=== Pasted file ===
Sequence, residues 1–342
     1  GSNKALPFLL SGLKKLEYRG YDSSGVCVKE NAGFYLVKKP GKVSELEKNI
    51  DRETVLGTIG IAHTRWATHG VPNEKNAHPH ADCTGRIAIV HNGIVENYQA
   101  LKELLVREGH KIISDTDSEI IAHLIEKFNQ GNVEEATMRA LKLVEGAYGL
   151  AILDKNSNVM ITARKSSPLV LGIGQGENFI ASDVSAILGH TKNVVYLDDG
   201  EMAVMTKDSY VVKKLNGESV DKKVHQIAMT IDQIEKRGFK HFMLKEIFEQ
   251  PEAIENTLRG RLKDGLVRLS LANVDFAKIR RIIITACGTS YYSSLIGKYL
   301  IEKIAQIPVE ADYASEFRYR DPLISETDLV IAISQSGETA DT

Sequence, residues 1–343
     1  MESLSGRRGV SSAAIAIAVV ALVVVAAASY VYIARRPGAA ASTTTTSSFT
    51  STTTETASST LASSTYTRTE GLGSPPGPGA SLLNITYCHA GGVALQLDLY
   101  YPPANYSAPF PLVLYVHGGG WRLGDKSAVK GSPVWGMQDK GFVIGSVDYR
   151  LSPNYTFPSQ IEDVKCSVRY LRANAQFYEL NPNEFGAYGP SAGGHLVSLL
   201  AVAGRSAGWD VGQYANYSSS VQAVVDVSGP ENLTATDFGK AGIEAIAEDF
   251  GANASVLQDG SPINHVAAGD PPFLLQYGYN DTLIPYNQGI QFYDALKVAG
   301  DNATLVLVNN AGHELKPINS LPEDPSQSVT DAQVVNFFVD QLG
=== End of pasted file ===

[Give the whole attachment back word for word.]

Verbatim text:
Sequence, residues 1–342
     1  GSNKALPFLL SGLKKLEYRG YDSSGVCVKE NAGFYLVKKP GKVSELEKNI
    51  DRETVLGTIG IAHTRWATHG VPNEKNAHPH ADCTGRIAIV HNGIVENYQA
   101  LKELLVREGH KIISDTDSEI IAHLIEKFNQ GNVEEATMRA LKLVEGAYGL
   151  AILDKNSNVM ITARKSSPLV LGIGQGENFI ASDVSAILGH TKNVVYLDDG
   201  EMAVMTKDSY VVKKLNGESV DKKVHQIAMT IDQIEKRGFK HFMLKEIFEQ
   251  PEAIENTLRG RLKDGLVRLS LANVDFAKIR RIIITACGTS YYSSLIGKYL
   301  IEKIAQIPVE ADYASEFRYR DPLISETDLV IAISQSGETA DT

Sequence, residues 1–343
     1  MESLSGRRGV SSAAIAIAVV ALVVVAAASY VYIARRPGAA ASTTTTSSFT
    51  STTTETASST LASSTYTRTE GLGSPPGPGA SLLNITYCHA GGVALQLDLY
   101  YPPANYSAPF PLVLYVHGGG WRLGDKSAVK GSPVWGMQDK GFVIGSVDYR
   151  LSPNYTFPSQ IEDVKCSVRY LRANAQFYEL NPNEFGAYGP SAGGHLVSLL
   201  AVAGRSAGWD VGQYANYSSS VQAVVDVSGP ENLTATDFGK AGIEAIAEDF
   251  GANASVLQDG SPINHVAAGD PPFLLQYGYN DTLIPYNQGI QFYDALKVAG
   301  DNATLVLVNN AGHELKPINS LPEDPSQSVT DAQVVNFFVD QLG